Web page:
General Psychology Chapter 4: Sensation and Perception Sensation: the conversion of energy from the environment into a pattern of response by the nervous system Ex. Light rays striking you eyes Perception: the interpretation of that information Ex. Recognizing your roommate Module 4.1: Vision: The Structure of the Eye  Pupil: the adjustable opening in the eye  Iris: colored structure on the surface of eye surrounding pupil  Retina: layer of visual receptors covering the back surface of the eyeball  Cornea: rigid transparent structure on the outside of the eyeball  Lens: below the cornea, bends and varies in thickness to allow for the accommodation of objects in different distances  Fovea: greatest density of receptors, adapted for highly detailed vision Common Disorders of Vision:  Presbyopia: age related inability focus on nearby objects (decrease in lens flexibility)  Myopia: nearsightedness  Hyperopia: farsightedness  Glaucoma: increased pressure within eyeball; can impair vision  Cataract: cloudy lenses Visual Receptors  Located in the retina; back of eyeball; very sensitive  Cones (daytime vision): allows us to see colors; only 5% of total receptor but send much more information to brain  Rods (nighttime vision): no colors Three Prevailing Theories of Color Vision: The Trichromatic Theory  Receptors respond to 3 primary colors: blue (short), green (medium), red (long) o Blue has fewest cones  Problem: o Does not explain yellow o Does not explain afterimages: if you stare a something green; you see a red afterimage The Opponent- Processes Theory  We perceive color in terms of paired opposites  Problem: o After- images are not always predictable The Retinex Theory  We perceive color when the cerebral cortex combines various retinal patterns  Color Constancy: the tendency of an object to remain the same color under a variety of light conditions Color Deficiency  Discovered in 1600s o First clue that color perceptions is in the eyes, not the light  X-recessive: 8% of men, 1% of women: difficulty telling red from green Module 4.2: The Nonvisual Senses: Hearing:  Mammalian ear converts sound waves into mechanical displacements along a row of receptor cells How the Ear Works  Sound waves strike eardrum: cause it to vibrate o Connected to 3 tiny bones: hammer, anvil, and stirrup Types of Hearing Loss  Conduction Deafness: bones connected to the eardrum fail to transmit sound waves properly to cochlea (can be repaired surgically)  Nerve Deafness: disease, heredity, exposure to loud noises destroys either cochlea or efferent neurons (cannot be repaired surgically; hearing aids help) Module 4.3: The Interpretation of Sensory Information Perception of Minimal Stimuli:  Absolute sensory threshold: the intensity at which a given individual detects a stimulus 50% of the time: no clear border.  Signal detection theory: the study of people’s tendencies to make hits, correct rejections, misses, and false alarms.  Subliminal Perception: stimuli can influence our behavior even when they are so faint or brief that we do not perceive them consciously. Perception and the Recognition of Patterns  We recognize objects by past experience: faces, brightness and contrast.  We use a Feature-Detector approach: specialized neurons on the visual cortex respond to lines and angles: e.g horizontal vs. vertical, Jennifer Aniston.  Gestalt Psychology: means “configuration”. Unlike bottom-up process of feature detection, emphasizes top-down approach of contextual, experience based interpretation of percepts. See Gestalt figures and demonstrations on p. 129. Perceiving Movement  We use vestibular system to observe movement: we detect the movement of our own eyes.  We use background information: we perceive movement when an object moves relative to the background.  Induced Movement: illusion: background is moving, but we think it is an object in the foreground.  Stroboscopic Movement: still images flashed rapidly to simulate movement. Perceiving Depth Binocular cues:  Retinal disparity: the difference in the apparent position of an object as seen by the left and right retinas  Convergence of the eyes: degree to which they turn in to focus on a close object Monocular cues:  Experience: drawing of man aiming at far away elephant – if you’ve never seen a drawing, it’s a baby elephant.  Include object size, linear perspective, detail, interposition, texture gradient, shadows, lens accommodation, Motion parallax: closer objects move more than farther objects. Chapter 5: Nature, Nurture, and Human Development Module 5.1: Genetics and Evolution of Behavior: Genetic Principles  Chromosomes: strands of genetic material  Each human nucleus: 23 pairs of chromosomes, except egg and sperm cells, which have 23 unpaired.  Sections along each chromosome, genes, control the chemical reactions that direct development: e.g. height, hair color.  Genes are composed of DNA, which controls the production of proteins.  Dominant genes: a single copy is sufficient to produce effect (e.g. brown eyes)  Recessive genes: its effects appear only if the dominant copy is absent. Sex-Linked and Sex-Limited genes  You have two of almost all genes.  Exceptions: sex chromosomes, which determine whether you are male or female.  Mammals: X and Y: female has 2 X and male has 1 X and 1 Y.  Mother contributes 1 X, father contributes either an X or a Y.  Genes located on the X-chromosome are known as sex-linked or x-linked genes; an x-linked recessive gene is much more likely to show its effects in males (because men only have 1 X.)  Genes differ in effect based on hormones: facial hair, breasts. Estimating Heritability in Humans  Behavior is based on both heredity and environment.  Some variations in behavior may depend more on variations in genes than in the environment.  Heritability: an estimate of the variance within a population that is due to heredity.  Ranges from 1 to 0: 1 meaning that heredity controls all the variance, 0 indicating that heredity controls none of the variance.  Multiplier effect: slight genetic increase in height in a place where basketball is huge: Environment X heredity=huge advantage Genetic Principles  Chromosomes: strands of genetic material  Each human nucleus: 23 pairs of chromosomes, except egg and sperm cells, which have 23 unpaired.  Sections along each chromosome, genes, control the chemical reactions that direct development:e.g. height, hair color.  Genes are composed of DNA, which controls the production of proteins.  Dominant genes: a single copy is sufficient to produce effect (e.g. brown eyes)  Recessive genes: its effects appear only if the dominant copy is absent. Sex-Linked and Sex-Limited Genes  You have two of almost all genes.  Exceptions: sex chromosomes, which determine whether you are male or female.  Mammals: X and Y: female has 2 X and male has 1 X and 1 Y.  Mother contributes 1 X, father contributes either an X or a Y.  Genes located on the X-chromosome are known as sex-linked or x-linked genes; an x-linked recessive gene is much more likely to show its effects in males (because men only have 1 X.)  Genes differ in effect based on hormones: facial hair, breasts. Estimating Heritability in Humans  Behavior is based on both heredity and environment.  Some variations in behavior may depend more on variations in genes than in the environment.  Heritability: an estimate of the variance within a population that is due to heredity.  Ranges from 1 to 0: 1 meaning that heredity controls all the variance, 0 indicating that heredity controls none of the variance.  Multiplier effect: slight genetic increase in height in a place where basketball is huge: Environment X heredity=huge advantage Studies  Twin studies render evidence of heritability:  a. Monozygotic (identical) develop from a single fertilized egg: identical DNA. (misleading.)  b. Dizygotic: develop from 2 eggs and share only part of their genes, like any brother or sister.  Use: if a monozygotic twins have heavy similarity in some trait, we assume heritability (genetic influence) is high. If dizygotic twins have a heavy similarity in some trait, we assume genetic influence is not as high; may be as much environmental. (DNA is just not that similar.)  Monozygotic twins separated at birth: remarkable similarities, may be genetic (tendency to smoke, gain weight at the same age, hobbies, vocational interests, political beliefs, consumption of coffee, early-to-bed or early-to- rise….)  Adopted Children: Resemblance to biological parents in a trait implies a genetic influence. Resemblance to adoptive parents implies an environmental influence.  Sometimes misleading: disregards prenatal environment. E.g. adopted child with arrest record, biological mother with arrest record: may not be genetic: may have to do with biological mother consuming alcohol while pregnant. How Genes Influence Behavior  Moderate heritability for almost every single behavior.  There are Direct and Indirect Influences of heredity: Direct: Lactose tolerance or intolerance: genes influence systems outside the brain, and many populations lose the ability to digest milk (Asia). Some populations tend cattle by necessity, and the ability to digest milk is selected for. (parts of Africa)  Indirect: Genes for good looks: elicit a response from others, indirect consequence of genes: good-looking person is more confident. Interactions between Heredity and Environment  Interaction: an instance in which the effect of one variable depends on some other variable.  E.g.: Children with long-form serotonin reuptake receptors react with shyness to social support, but in children with short-form serotonin receptor, social support decreases shyness. Need one to evaluate the other.  Interaction: an instance in which the effect of one variable depends on some other variable.  E.g.: Children with long-form serotonin reuptake receptors react with shyness to social support, but in children with short-form serotonin receptor, social support decreases shyness. Need one to evaluate the other. Evolution and Behavior  You have the genes that you do because your parents survived long enough to reproduce.  Gradual change in the frequency of various genes from one generation to the next is called evolution.  Some genes may have been helpful in the past, less so now: e.g. the tendency to overeat (sugars and fats especially), an infants’ grasp reflex. The Fetus and the Newborn  Zygote: fertilized egg cell  Fetus: starts at 8 weeks after conception  Later, head and eyes turn toward sounds, brain alternates between wake and sleep.  Low birth weight correlates with increased cognitive issues, but not necessarily directly: depends on why birth weight was low (malnourished mother?) Fetal Alcohol Syndrome  Mother drinks alcohol during pregnancy  Stunted growth of head and body, malformations of the head, heart, and ears  Nervous system damage: seizures, hyperactivity, learning disabilities, mental retardation.  The more alcohol consumed, the greater the damage.  Alcohol interferes with glutamate: excitatory neurotransmitter. Constant excitation is required for neuronal development. Getting Started in Life  Resilience: Despite low birth weight, alcohol abuse by mother, poverty, racism or prejudice, some at-risk children overcome odds and succeed.  Appears to be a function of heredity, temperament, education, supportive relatives and friends.  “Initial Conditions” are inportant, but behavior depends on interactions of heredity and environment. Module 5.2: Cognitive Development Infancy  Researchers rely on measurable responses, like eye and mouth movements.  William James: to an infant, the world is “buzzing confusion, full of meaningless sights and sounds.”  Less confusing than once thought: Even as early as 2-days old, infants spend more time looking at drawings of human faces than at drawings of other things.  They look at right-side up faces and female faces longer. Infants Hearing  Infants suck more vigorously when aroused, and certain sounds arouse them.  Infants become habituated to sounds that initially excite them.  Dishabituation occurs when a different sound interrupts.  This is how investigators determine whether infants are distinguishing between sounds. Infants Learning and Memory  One study allowed infants to turn on a tape recording of a woman’s voice by sucking at certain times or rates.  As early as 3 days old, infants worked harder to turn on a recording of their own mothers’ voice. Research Designs for Studying Development  Cross-Sectional: compares groups of individuals of different ages at the same time  Longitudinal Designs: Follows a single group of individuals as they develop. Takes years; same people are not always available.  Selective Attrition: the tendency for certain kinds of people to drop out of a study: e.g. men, as they age, will “drop out” before women (they die sooner.)  One problem is teasing out effects of age vs. culture: e.g. a group of 20 year olds are liberal: thirty years later they are mostly conservative: age or culture Sequential designs  Researchers start with groups of people of different ages, studied at the same time, then study them again at one or more later times.  Cohort Effects: People who grew up in the Depression Era: no technology, very little free time, college was a luxury. Very different people from those who grow up today; age-cohorts are people who grow up in the same time period. Jean Piaget’s View of Cognitive Development  The effect of any experience depends on someone’s maturity (Jean Piaget: 1896-1980)  Children have qualitatively different thought processes from adults.  Behavior is based on Schemata (plural of schema.) an organized way of interacting with others: e.g babies have a grasping schema and a sucking schema; add more as time goes on.  Assimilation: applying an old schema to new objects or problems. (i.e. a child observes that moving things are alive; sun and moon “move” , must be alive also.  Accomodation: modifying an old schema to fit a new object or problem: “only living things move on their own: exceptions” (the sun and moon may not be alive.)  Infants shift back and forth between assimilation and accomodation: Equilibration is the establishment of balance between the two = intellectual growth. Piaget’s 4 Stages of Intellectual Development  The sensorimotor stage (birth to 2 years.)  The preoperational stage (just before 2 to 7 years.)  The concrete operational stage (from about 7-11 years.)  The formal operations stage (from about 11 years onward.) Infancy: Piaget’s Sensorimotor Stage  Sense of permanence: Show an infant a toy, then hide it. Infants don’t attempt to find it. Presumably, to them it no longer exists. Some concept of permanence as time goes by.  Sense of self: Put unscented blush on a baby’s nose, then show it a mirror. Under 18 months, the baby will reach out to the mirror. Over 18 mos., the baby will touch his/her own nose. Early Childhood: Piaget’s Preoperational Stage  Understand permanence, but still can’t grasp some contents: two year olds will deny their brother has a sibling, they can’t grasp that their mother is someone’s daughter.  Egocentrism: a young child sees the world as centered around himself or herself and cannot easily take another person’s perspective.  Theory of Mind: when a child begins to understand what other people know, and that each person knows things that others don’t.  Distinguishing Appearance from Reality: sponge/rock example. Looks like a rock, it is a rock. Looks like a sponge, it is a sponge.  Can tell some reality from fantasy: they play make-believe.  E.g.: Scale model of house: toy in “same place” - 2 ½ year old search haphazardly. 3 year olds go to correct place.  Conservation: don’t understand that objects conserve properties such as mass, length, volume, number: pour water into a taller glass, child will say there is less water. Later Childhood and Adolescence: Piaget’s Stages of Concrete Operations and Formal Operations  Stage of Concrete operations: children perform mental operations on concrete objects but still have trouble with abstract or hypothetical ideas. E.g.: move a 4-mile high mountain of whiooed cream? Older children enjoy the challenge, younger children complain it’s a silly question. Or, “third eye” question.  Stage of Formal Operations: adolescents deal with the abstract and hypothetical. Logical, deductive reasoning, systematic planning. (age 11- sometimes not reached.) Are Piaget’s Stages Distinct?  He thought so: caterpillar/butterfly.  Modern researchers disagree; if this were the case, then while a child was in a given stage, he/she would always perform at that level.  In fact, children fluctuate.  —Vygotsky: zone of proximal development: the difference between what a child can learn on their own vs. with adult help; “scaffolding.” Developing Cognitive Abilities  Adults sometimes slip into “childlike” ways of thinking; applying old patterns, inability to accept new information.  Awareness of the stages of development, and application of skills (sometimes consciously) can aid development even in adulthood. Module 5.3: Social and Emotional Development Infancy and Childhood  John Bowlby’s attachment: a long term feeling of closeness toward another person  “Good Attachments” = security and safety (infants) “Strange Situation” (Ainsworth, 1979)  Baby and mother enter a room with many toys. Stranger enters. Mother leaves, then returns. Then both stranger and mother leave. Then stranger returns, finally, mother returns. Observer watches through 2-way mirror.  a) Securely attached (12-18mos old): Interacts with mother, shows her toys, cries briefly when she leaves, interacts with her when she returns, then goes back to playing.  b) Anxious: Doesn’t really play with toys, clings to mother, cries profusely when she leaves, clings when she returns. Fearful of stranger.  c) Avoidant: Infant shows little interest in mother in general.  Disorganized: Fearful and affectionate, but more fearful. Alternates between approach and avoidance Social Development in Childhood and Adolescence  Friendships begin to play an important role.  Adolescence begins with puberty.  Early adolescence: more conflict with parents than late adolescence.  Risk-taking behavior The Personal Fable of Teenagers (Elkind)  Other people may fail to realize their life ambitions, but I will realize mine.  I understand love and sex in a way my parents never did.  Tragedy may strike other people but probably not me.  Almost everyone notices how I look and dress. Adulthood  “Turning points” are more self-directed: marrying, having children, switching jobs, etc.  Behavioral changes are situational rather than learned.  Young adulthood: struggle, stress,achievement.  Middle adulthood: acceptance, less day-to-day stress. (midlife transitions) Old Age —Around age 65: Erikson’s “ego integrity” —Physical activity correlates with mental ability —Happiness depends on a.decisions made while younger b.Treatment by others (often cultural) c.Ability to determine outcomes (control) The Psychology of Facing Death  Terror-management theory: we cope with our fear of death by avoiding thoughts about death and by affirming a world view that thet provides self- esteem, hope, and value in life.  We become more religious, patriotic, and rigid in upholding customs.  Sometimes become hostile to people who disagree, or who do not uphold our beliefs. Social and Emotional Issues Through the Life Span  Erikson’s model shows that each stage builds on the last.  Life is a continuum; happiness in each stage depends on decisions made in the last. Module 5.4: Diversity, Gender, Culture and Family Gender Influences  Major differences between men and women are first anatomical; certain brain regions are proportionately larger in each gender.  Men throw harder and get into more fights (Hyde, 2005).  Boys are active, girls have more self-control (Else-Quest et al 2005).  Men help more in short-term situations while women help in long-term nurturing situations. (Eagley and Crowley, 1986)  Women are better at interpreting non-verbal signals (ambiguous smiles – men example.)  One study showed that women do not talk more than men. Sex Roles and Androgyny  Some sex roles are built-in (breastfeeding, physically demanding jobs) but many are cultural (firebuilding, basket-weaving.)  Status of culture (peace or war) determines relative status of men.  Peace may come, but status remains.  Androgyny implies equal share of male and female traits: not always a positive outcome. Reasons Behind Gender Differences  As mentioned, partly biological.  Also, boys and girls are treated differently from a very young age: Mothers converse with 6-9 month old daughters, but give 6-9 month old sons (gentle) commands. (“come here”)(Clearfield & Nelson, 2006.)  Museum study: conversational differences between parents and sons and parents and daughters revealed startling differences. (Crowly et al, 2001.)  Cultural and Ethnic Influences  Culture dictates major modes of behavior: Western cultures favor “indvidualism” while some Asian cultures value “collectivism.”  Biculturalism and Biracialism: partial identification with 2 cultures or 2 races.  Bilingual children may begin with problems at school  Upside: in many places in the US, bicultural youth are less likely to abuse drugs: perhaps less susceptible to peer pressure.  In the U.S., biculturalism or biracialism currently seems to render problems with self-labeling. The Family  Birth order: doesn’t make much difference. Children from families of larger size tend to have slightly lower IQ than children of families of smaller size.  In families of similar size, birth order makes little or no difference. Effects of Parenting Styles  Authoritative Parents: High standards, impose controls, also warm and responsive: adjust limits when appropriate.  Authoritarian Parents: Set firm controls, but emotionally more distant. Set rules without explanations.  Permissive Parents: Warm and loving but undemanding  Indifferent or Uninvolved Parents: little time with children; provide only the basic necessities.  Studies differ: Some say parenting style is dictated by children, who are genetically predisposed to their own personalities and unaffected by parenting styles. (Harris, 1998) Other factors  Parental Employment: Meta-analysis shows that parental employment (both parents working vs. one parent at home) has no effect on future success UNLESS full-time day care is used for the entire first year; problems may be related to other factors.  Nontraditional families: Single mothers with adequate income and no recent divorce: similar outcomes to two-parent households.  a. Children brought up in gay and lesbian households seem to develop about the same as those in traditional families.  b. More research is needed: samples are small (Kalat.) Parental Conflict and Divorce  Children of divorced parents respond differently by age: elementary children are most affected emotionally, but teenagers tend to suffer academically (age when parents divorce.)  Some show little or no effect, some show exaggerated effect. For some, effect is delayed.  Does not imply parents should stay together for the kids: Children of parents who fight or show much conflict tend to be nervous, sometimes violent, and have trouble sleeping through the night. Chapter 8: Cognition and Language Research in Cognitive Psychology  Cognition means thinking and using knowledge.  Difficult to discover people’s thought processes by asking: people will explain thought processes they didn’t have (“more attractive girl” example)  Research has to be done using non-subjective tests: e.g. timed responses: delay in recognition of objects corresponds with degree of angle away from original. Attention  Attention is your tendency to respond to and remember some stimuli more than others at a given time.  Bottom-up process: distraction from peripheral stimulus.  Top-down: deliberate shifting of one’s own attention: THIS: either focus on the letters or the color; different regions of cortex (language or color) Preattentive vs. Attentive Process  Nude guy at a party vs. nude guy at a nudist beach: context  Very easy to spot the nude guy at a party: preattentive process  Find a specific nude guy at the nudist beach: much more difficult – requires attention: attentive process. (Where’s Waldo) The Attention Bottleneck  Too many objects requiring attention diminish attention to each.  Despite thinking we can do 2 things at once, we can only concentrate on, and plan one.  e.g. walking and chewing gum, hearing a tone and being asked to determine its key, then 1 sec. later being asked to identify a number flashed on the screen. (stroop test) The Stroop Effect  The tendency to read the words instead of saying the colors.  Can be done better if:  Blur vision  Say the colors in a different language  Regard the color words as meaningless Change Blindness  Changes are not noticed if they occur slowly or attention is focused elsewhere.  To detect small changes in a scene, you use attentive process.  Attention-Deficit Disorder  ADD - Attention Deficit Disorder, is characterized by easy distraction, impulsiveness, failure to follow through on plans.  ADHD – Attention Deficit Hyperactivity Disorder – the same, except there is also “fidgetiness:” inability to sit still.  Extremely high variability in symptoms: most people perform well enough, their “attentional blink” is longer: more easily distracted. Tasks sensitive to ADD  Choice-Delay:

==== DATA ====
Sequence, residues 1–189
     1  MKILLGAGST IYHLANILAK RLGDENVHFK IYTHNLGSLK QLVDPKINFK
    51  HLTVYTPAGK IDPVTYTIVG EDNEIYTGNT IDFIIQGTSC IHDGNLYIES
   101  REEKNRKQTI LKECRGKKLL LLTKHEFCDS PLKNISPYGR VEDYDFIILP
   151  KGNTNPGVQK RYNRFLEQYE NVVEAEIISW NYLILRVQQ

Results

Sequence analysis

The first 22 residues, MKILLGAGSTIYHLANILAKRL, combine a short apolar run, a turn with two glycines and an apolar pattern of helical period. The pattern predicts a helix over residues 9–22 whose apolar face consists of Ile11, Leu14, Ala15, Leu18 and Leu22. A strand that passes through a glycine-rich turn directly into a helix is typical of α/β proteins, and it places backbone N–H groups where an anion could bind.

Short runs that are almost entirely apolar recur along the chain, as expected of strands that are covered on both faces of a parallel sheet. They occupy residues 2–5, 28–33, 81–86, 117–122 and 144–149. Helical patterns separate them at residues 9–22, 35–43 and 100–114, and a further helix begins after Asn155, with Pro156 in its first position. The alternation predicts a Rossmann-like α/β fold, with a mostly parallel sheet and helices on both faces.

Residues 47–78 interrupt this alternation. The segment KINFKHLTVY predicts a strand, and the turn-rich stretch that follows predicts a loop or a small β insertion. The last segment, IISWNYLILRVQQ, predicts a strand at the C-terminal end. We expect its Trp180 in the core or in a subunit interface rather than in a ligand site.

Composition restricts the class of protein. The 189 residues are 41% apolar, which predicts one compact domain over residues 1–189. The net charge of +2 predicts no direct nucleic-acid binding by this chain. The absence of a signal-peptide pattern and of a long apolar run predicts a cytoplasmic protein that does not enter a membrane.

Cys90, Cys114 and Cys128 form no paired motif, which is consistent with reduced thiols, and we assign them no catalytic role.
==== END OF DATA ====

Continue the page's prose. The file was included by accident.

More Less

Related notes for 01:830:101

Log In


OR

Join OneClass

Access over 10 million pages of study
documents for 1.3 million courses.

Sign up

Join to view


OR

By registering, I agree to the Terms and Privacy Policies
Already have an account?
Just a few more details

So we can recommend you notes for your school.

Reset Password

Please enter below the email address you registered with and we will send you a link to reset your password.

Add your courses

Get notes from the top students in your class.


Submit